Wine, a way of Life - Interview with Steven Spurrier

Wine, a way of Life - Interview with Steven Spurrier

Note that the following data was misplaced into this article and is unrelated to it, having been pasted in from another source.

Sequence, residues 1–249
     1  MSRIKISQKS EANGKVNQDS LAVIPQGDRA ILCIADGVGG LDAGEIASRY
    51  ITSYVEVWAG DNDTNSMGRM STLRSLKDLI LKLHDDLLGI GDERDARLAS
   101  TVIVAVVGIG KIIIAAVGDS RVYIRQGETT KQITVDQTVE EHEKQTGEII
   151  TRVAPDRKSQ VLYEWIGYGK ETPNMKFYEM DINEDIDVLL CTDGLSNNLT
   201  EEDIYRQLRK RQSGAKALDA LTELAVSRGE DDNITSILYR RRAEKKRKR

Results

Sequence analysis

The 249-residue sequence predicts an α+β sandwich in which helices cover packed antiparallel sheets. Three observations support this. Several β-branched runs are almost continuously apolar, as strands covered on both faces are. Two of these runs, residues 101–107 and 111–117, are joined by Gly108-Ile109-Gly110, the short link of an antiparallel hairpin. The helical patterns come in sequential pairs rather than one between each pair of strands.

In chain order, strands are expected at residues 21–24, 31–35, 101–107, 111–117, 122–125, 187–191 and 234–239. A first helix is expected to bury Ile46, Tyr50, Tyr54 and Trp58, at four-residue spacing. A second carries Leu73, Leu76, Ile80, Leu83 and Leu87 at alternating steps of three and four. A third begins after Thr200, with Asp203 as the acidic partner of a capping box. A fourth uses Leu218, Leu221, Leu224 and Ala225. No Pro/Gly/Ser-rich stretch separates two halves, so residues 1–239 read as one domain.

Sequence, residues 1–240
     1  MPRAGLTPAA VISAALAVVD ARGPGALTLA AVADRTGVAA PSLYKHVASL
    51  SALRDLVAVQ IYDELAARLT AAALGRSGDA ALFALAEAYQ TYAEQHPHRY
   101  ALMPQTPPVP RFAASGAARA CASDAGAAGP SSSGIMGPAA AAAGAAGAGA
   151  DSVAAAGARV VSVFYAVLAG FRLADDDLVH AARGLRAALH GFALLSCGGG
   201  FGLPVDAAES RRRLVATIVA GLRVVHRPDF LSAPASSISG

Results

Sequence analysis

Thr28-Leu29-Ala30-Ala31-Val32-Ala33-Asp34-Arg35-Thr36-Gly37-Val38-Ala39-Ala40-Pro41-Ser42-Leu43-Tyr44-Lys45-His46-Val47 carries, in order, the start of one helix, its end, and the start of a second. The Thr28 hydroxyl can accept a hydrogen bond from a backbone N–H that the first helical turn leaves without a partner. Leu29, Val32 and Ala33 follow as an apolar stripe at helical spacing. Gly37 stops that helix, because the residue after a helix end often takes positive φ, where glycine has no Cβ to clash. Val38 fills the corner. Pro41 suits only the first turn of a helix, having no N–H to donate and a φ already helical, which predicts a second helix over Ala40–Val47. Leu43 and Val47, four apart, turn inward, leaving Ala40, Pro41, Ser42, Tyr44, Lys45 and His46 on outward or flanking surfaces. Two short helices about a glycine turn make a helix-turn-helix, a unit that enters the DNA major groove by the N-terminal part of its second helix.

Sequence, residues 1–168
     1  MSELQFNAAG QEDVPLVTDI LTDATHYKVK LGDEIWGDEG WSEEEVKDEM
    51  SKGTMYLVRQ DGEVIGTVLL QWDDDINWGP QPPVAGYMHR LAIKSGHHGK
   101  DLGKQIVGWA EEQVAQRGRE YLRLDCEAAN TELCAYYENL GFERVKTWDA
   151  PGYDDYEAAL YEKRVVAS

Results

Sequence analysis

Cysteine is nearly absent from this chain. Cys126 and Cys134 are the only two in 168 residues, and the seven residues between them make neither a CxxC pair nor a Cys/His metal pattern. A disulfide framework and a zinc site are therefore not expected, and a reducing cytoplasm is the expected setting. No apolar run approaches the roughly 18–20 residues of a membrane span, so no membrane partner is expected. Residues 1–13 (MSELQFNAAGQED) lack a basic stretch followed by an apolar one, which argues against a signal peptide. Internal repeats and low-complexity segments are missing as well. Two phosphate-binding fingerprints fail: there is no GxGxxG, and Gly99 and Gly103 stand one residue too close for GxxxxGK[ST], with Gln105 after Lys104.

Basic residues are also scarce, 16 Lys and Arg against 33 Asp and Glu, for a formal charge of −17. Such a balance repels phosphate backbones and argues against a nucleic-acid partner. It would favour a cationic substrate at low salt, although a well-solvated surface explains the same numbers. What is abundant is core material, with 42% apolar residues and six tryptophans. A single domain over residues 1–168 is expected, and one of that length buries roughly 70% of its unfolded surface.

In the world of wine Steven Spurrier needs no introduction. The man who broke the staus quo by organising the Judgement of Paris in 1976 and has been one of the most influential wine writers, educators and merchants. Amanda Barnes interviews and has a conversation with Steven Spurrier in London's 67 Pall Mall. Please subscribe to our channel and follow: Twitter: Instagram: Facebook: Transcript: Was there ever a moment in your life that wine was not your destiny? Wine was what I wanted to do when I got around to trying to find a job. My next choice would have been art. As it was, I got an interview at Christopher's in Jones Street, the oldest wine merchant in London and they took me on. So... but it was, it was always what I wanted to do it and it has been a way of life. What's is the most pivotal moment for you in your career in wine? Well, the most pivotal moment is of course the judgment of Paris, which doesn't go away and it's not sort of an albatross, but I mean it's something which... I'm much more proud of having founded l'académie du Vin So to create the first private wine school in France, and the Academie du Vin goes on and it said that's why I'm most proud of, and I think it is a pivotal moment because if there'd been no Academy du vin, there would have been no judgment of Paris. So that's it. And as you say, the judgment of Paris was pivotal not just for your career but also for new world wine, especially California. Do you think there could ever be a tasting with quite the same impact today? Or has the wine world changed too much? I think it was well described in George Taylor's book as the tasting which would revolutionize the world of world of wine. What it did, it was the first chink in the armor of France and what it did it created a template whereby unknown wines of quality could go up in a blind tasting against known wines of quality, and if the tasters were of quality, their views would be respected, and no one had thought of that before. There are a lot of little tastings comparing this, that and the other but no one had done it publicly in Paris, French wines against California wines and it just, it did, it opened the gates. It opened the gates to competition, so you have Eduardo Chadwick, who had this tasting in Berlin in 2004 and his wines came first, second and equal fourth, and that became known as the Berlin tasting and since then that template has been taken on. And so that's it, simple. Of course it was vitally important for California, and as Aubert de Villaine of Romanée-Conti, who was one of the judges said it was a much-needed kick in the pants for, he didn't say pants, he used a rather more vulgar word, kick in the pants for French wine. It was a win-win situation. Do you think Bordeaux will continue to stay as the most prestigious region? Well if I'm talking about France I think all the focus is now on burgundy the focus hasn't gone off Bordeaux, but Bordeaux is a brand so to speak, and it has Chateauxs and when people think Burgundy, they think of individual domains. They think of people in Burgundy, they think of brands in Bordeaux. I would think the Rhone Valley both North and South to me is the hot spot. And then of course right across the middle, and then you have Spain and Italy. I want to know about your private cellar, do you have any kind of naughty secrets in there? I have a naughty secret that probably 50% of my private cellar is new world wine and it represents about 1 percent of my drinking! In terms of wine communication we've kind of seen the era of super critics, perhaps in the past. What are your thoughts? Well, I mean let's say the dominance of Robert Parker is no longer a factor. In this country Jancis Robinson is by far away the most important critic. I view critics rather like movie critics, you know? Your latest career change within wine industry has been as as a vintner, making of sparkling wine in England. How's that changed your perception of the industry, or has it? Well, it's convinced me of the adage that to make a small fortune in the wine business you need to start with a large fortune. What was your proudest moment? The Decanter man of the year last year.
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